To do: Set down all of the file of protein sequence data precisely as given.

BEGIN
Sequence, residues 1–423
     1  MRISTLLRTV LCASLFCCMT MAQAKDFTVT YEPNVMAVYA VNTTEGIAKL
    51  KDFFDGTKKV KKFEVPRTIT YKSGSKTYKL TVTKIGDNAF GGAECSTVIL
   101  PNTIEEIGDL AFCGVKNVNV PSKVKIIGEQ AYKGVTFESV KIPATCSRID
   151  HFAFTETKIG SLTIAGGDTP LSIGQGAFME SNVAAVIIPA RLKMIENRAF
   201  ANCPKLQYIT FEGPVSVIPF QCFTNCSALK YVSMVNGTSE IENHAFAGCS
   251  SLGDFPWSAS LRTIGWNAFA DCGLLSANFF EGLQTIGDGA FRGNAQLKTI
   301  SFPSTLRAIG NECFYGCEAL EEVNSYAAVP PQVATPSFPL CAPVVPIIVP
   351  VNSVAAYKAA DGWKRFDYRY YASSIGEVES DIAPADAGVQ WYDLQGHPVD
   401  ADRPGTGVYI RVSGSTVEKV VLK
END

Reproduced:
Sequence, residues 1–423
     1  MRISTLLRTV LCASLFCCMT MAQAKDFTVT YEPNVMAVYA VNTTEGIAKL
    51  KDFFDGTKKV KKFEVPRTIT YKSGSKTYKL TVTKIGDNAF GGAECSTVIL
   101  PNTIEEIGDL AFCGVKNVNV PSKVKIIGEQ AYKGVTFESV KIPATCSRID
   151  HFAFTETKIG SLTIAGGDTP LSIGQGAFME SNVAAVIIPA RLKMIENRAF
   201  ANCPKLQYIT FEGPVSVIPF QCFTNCSALK YVSMVNGTSE IENHAFAGCS
   251  SLGDFPWSAS LRTIGWNAFA DCGLLSANFF EGLQTIGDGA FRGNAQLKTI
   301  SFPSTLRAIG NECFYGCEAL EEVNSYAAVP PQVATPSFPL CAPVVPIIVP
   351  VNSVAAYKAA DGWKRFDYRY YASSIGEVES DIAPADAGVQ WYDLQGHPVD
   401  ADRPGTGVYI RVSGSTVEKV VLK